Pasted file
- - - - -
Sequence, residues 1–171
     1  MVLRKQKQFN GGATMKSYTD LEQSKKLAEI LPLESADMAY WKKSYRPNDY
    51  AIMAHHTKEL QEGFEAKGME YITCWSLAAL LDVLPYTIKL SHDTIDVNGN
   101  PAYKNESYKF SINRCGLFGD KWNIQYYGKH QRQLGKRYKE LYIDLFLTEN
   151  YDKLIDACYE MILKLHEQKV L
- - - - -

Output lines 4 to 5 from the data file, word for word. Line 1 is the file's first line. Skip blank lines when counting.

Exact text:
   101  PAYKNESYKF SINRCGLFGD KWNIQYYGKH QRQLGKRYKE LYIDLFLTEN
   151  YDKLIDACYE MILKLHEQKV L